Sweet potatoes: the latest ‘it’ food
Diane Rezendes, food writer
While kale isn’t leaving hipster salads and smoothies anytime soon, it’s making more and more room for the humble sweet potato.
Traditionally, most people think of a sweet potato in one of three ways: the just-for-Thanksgiving treat with marshmallows on top. Or else as the star ingredient in sweet potato pie, connecting to family and generations long past. Or perhaps it’s a change-of-pace from the usual baked potato on the side.
In any case, if you use and enjoy sweet potatoes, you are quite on-trend among the food cognoscenti. And with good reason. They’re discovering what you’ve known a long time.
Rich and sweet, the sweet potato crams powerful nutrition in a neat package. Loaded with Vitamin A and C, it’s a good source of fiber (skin on, please).
Easy and versatile, it’s terrific as a side dish (slice and bake to caramelized perfection), as an uncommon ingredient in a classic recipe (add bite-size pieces to chicken soup to give your broth more complexity and subtle sweetness), and of course, it’s the nonpareil star of iconic sweet potato pie.
In this issue, we’re featuring the Red Diana sweet potato with its rosy skin and brilliant orange flesh. Particularly moist and known for its sweetness, the Diana is related to the more familiar garnet. We’ve got both organic and conventionally-grown sweet potatoes in from Fresno for you to enjoy.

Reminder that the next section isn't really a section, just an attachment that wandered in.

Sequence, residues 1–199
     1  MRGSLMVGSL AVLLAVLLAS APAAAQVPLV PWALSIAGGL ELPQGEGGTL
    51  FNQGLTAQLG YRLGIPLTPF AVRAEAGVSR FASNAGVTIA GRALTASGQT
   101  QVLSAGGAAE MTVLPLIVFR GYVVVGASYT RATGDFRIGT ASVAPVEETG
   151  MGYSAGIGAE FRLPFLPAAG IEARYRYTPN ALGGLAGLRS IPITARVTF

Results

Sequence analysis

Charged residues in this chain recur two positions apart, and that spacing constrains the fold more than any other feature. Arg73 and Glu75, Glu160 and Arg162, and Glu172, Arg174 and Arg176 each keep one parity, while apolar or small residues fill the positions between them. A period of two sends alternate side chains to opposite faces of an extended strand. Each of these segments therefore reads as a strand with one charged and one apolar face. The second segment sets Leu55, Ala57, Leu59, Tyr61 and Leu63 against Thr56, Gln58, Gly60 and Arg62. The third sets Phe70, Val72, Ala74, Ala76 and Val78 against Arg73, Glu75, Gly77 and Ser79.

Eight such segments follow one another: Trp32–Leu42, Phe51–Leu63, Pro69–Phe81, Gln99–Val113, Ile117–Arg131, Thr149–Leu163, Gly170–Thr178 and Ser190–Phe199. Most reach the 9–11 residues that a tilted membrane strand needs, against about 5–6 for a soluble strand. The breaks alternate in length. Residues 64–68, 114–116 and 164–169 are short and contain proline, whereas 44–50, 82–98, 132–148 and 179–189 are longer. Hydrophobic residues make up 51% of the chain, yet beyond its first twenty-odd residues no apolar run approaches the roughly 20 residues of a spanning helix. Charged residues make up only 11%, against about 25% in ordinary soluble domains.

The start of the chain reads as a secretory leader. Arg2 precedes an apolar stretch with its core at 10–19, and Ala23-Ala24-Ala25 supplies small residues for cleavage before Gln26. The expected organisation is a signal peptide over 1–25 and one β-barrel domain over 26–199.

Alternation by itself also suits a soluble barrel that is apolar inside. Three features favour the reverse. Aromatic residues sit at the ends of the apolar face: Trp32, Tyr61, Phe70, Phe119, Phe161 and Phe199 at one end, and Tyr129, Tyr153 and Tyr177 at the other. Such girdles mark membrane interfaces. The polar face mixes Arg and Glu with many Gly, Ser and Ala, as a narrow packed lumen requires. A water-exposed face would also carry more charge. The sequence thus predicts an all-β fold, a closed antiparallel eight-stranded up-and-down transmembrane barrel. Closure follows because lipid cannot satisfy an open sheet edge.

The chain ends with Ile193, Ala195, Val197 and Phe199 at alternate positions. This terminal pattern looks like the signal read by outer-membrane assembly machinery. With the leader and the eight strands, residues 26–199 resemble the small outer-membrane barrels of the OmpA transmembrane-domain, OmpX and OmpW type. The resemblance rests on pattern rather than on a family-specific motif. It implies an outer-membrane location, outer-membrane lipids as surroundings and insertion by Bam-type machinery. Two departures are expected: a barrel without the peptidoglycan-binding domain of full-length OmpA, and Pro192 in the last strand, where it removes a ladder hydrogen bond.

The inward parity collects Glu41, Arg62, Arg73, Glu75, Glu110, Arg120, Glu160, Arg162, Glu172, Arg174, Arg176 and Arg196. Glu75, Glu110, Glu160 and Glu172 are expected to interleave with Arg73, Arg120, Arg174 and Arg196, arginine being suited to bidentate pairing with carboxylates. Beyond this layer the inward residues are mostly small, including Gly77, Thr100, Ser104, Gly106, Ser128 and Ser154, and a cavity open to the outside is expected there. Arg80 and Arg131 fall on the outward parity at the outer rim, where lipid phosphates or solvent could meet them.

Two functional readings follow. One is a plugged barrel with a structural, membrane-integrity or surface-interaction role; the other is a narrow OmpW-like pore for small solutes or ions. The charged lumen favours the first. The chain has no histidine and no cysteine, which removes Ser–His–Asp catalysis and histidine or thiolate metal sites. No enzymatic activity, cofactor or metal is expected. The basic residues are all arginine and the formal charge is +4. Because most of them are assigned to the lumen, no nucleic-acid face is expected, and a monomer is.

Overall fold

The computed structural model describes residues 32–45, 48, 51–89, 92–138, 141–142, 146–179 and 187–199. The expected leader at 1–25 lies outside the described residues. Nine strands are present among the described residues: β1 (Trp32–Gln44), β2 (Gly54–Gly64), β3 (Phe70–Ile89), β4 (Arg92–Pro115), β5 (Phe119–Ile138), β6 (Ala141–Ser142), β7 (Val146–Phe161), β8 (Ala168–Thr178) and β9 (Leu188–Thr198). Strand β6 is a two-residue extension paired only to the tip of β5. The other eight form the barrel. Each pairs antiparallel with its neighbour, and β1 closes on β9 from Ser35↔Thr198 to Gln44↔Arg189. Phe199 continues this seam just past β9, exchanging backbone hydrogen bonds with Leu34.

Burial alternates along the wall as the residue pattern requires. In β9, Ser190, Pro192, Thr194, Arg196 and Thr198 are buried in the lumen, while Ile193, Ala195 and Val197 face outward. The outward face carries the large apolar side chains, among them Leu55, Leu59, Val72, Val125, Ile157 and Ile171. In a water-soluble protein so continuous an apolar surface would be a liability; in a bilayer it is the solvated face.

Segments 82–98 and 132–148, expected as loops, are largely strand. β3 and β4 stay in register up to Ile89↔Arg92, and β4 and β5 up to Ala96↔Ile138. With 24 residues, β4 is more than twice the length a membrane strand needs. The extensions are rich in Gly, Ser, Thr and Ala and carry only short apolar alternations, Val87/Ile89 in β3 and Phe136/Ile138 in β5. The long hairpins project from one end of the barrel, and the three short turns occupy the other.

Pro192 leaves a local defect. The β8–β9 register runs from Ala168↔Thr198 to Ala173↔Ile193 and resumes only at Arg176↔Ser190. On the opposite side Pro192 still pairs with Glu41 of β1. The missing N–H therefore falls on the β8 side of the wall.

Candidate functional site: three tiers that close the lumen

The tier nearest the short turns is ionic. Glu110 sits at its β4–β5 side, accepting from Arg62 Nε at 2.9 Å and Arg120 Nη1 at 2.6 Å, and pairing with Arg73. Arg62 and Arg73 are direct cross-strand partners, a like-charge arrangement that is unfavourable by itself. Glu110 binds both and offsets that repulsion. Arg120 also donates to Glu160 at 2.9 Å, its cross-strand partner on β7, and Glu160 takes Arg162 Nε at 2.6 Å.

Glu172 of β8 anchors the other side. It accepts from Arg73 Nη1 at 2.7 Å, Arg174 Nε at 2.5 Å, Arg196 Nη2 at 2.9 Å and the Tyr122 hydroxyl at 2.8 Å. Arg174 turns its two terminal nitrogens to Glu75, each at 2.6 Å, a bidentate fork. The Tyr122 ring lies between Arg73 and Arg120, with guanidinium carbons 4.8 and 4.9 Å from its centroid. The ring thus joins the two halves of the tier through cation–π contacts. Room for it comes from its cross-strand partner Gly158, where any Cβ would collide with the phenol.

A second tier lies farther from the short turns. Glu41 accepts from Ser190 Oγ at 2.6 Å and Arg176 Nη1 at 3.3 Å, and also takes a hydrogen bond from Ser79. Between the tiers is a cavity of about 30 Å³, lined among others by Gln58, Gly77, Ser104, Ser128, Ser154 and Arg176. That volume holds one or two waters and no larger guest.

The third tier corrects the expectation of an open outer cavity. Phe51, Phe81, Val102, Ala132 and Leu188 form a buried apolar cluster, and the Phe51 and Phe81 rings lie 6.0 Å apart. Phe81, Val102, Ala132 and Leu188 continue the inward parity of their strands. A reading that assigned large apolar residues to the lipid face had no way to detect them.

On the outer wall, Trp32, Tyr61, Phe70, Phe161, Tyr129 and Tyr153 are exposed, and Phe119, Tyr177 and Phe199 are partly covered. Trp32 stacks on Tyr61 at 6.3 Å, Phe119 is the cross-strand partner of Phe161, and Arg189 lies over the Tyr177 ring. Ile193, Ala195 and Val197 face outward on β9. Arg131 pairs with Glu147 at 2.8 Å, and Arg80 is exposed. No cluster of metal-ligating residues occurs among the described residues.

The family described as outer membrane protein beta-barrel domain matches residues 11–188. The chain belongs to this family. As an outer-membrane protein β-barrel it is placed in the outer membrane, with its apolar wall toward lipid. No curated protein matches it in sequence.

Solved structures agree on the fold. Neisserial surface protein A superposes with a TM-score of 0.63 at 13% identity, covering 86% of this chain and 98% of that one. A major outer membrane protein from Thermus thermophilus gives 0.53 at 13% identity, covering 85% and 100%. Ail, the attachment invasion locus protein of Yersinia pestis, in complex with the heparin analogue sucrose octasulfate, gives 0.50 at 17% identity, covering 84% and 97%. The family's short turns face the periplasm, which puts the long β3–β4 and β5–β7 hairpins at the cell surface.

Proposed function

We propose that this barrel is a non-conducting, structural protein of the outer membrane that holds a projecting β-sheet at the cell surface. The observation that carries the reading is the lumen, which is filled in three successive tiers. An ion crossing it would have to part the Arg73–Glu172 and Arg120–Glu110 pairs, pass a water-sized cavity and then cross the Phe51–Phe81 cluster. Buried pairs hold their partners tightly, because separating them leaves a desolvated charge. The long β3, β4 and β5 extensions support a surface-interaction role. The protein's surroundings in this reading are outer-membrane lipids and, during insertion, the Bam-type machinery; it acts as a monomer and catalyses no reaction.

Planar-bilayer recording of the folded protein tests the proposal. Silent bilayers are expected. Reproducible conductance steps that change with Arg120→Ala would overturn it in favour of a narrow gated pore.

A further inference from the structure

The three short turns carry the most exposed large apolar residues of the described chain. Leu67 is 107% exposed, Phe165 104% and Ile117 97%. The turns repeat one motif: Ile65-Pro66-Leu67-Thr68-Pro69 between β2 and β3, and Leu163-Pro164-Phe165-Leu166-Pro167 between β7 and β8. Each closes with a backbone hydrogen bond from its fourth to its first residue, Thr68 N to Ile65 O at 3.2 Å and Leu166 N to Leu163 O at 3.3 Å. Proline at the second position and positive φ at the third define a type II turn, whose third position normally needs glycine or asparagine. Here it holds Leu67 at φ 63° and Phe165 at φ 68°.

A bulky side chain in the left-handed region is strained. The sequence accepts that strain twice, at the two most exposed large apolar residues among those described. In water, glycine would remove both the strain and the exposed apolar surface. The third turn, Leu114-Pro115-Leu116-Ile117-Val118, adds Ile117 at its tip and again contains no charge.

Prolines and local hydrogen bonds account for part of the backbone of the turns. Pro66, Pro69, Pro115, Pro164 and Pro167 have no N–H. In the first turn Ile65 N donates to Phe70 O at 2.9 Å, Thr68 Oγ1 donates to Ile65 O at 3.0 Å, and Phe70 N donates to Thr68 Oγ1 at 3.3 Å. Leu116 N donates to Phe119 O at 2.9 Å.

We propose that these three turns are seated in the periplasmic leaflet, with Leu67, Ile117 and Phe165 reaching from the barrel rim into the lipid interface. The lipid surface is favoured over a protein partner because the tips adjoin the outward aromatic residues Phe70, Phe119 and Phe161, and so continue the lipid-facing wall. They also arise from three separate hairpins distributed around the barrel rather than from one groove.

Neither potato nor yam
A potato is not a sweet potato and a sweet potato is not a yam. They’re from three distinct botanical families. Potatoes are nightshades (think peppers, eggplant, and tomatoes). Yams are from the lily family. Sweet potatoes, originating in the Americas, belong to the morning glory family.
Thanks to an inadvertent mislabeling by importers, sweet potatoes were labeled ‘yams.’ The name stuck, and you may still see signs for yams posted by sweet potatoes.
A true yam is white-fleshed (as some sweet potatoes can be) but it’s got a rough skin and very little of the beta-carotene we associate with the beautiful deep orange color of a typical sweet potato. However, with more than 5,000 varieties of sweet potato worldwide, colors range from a creamy white to a rich purple (the white and purple tend to be drier and more starchy than their orange cousins).
Choosing & using
Check Robbie’s tips for selecting the best sweet potatoes. To prep, you don’t need to peel it unless that’s your preference (lots of great fiber in the skin, and tons of nutrition right under it). Just scrub it well and cut it into cubes, wedges, or slivers –whatever your preparation calls for. Be sure to take a look at some delicious recipes featuring sweet potato.
To bake them, pierce the skin to hasten cooking time and let steam escape. (Or you may find yourself scraping a caramelized sticky mess off the inside of your oven!)
In a hurry? Slice or cube it. Then sauté in Sigona’s Fresh Press Extra Virgin Olive Oil for about 10 minutes or till tender.
Storing: one ‘do’ and one big ‘don’t’
- A cool place is good: the ideal would be a cellar, should you be lucky enough to live in a house that has one.
- Avoid the refrigerator for uncooked sweet potatoes. It might seem like a good idea but the unfortunate result will be an ‘off’ taste and a hard center.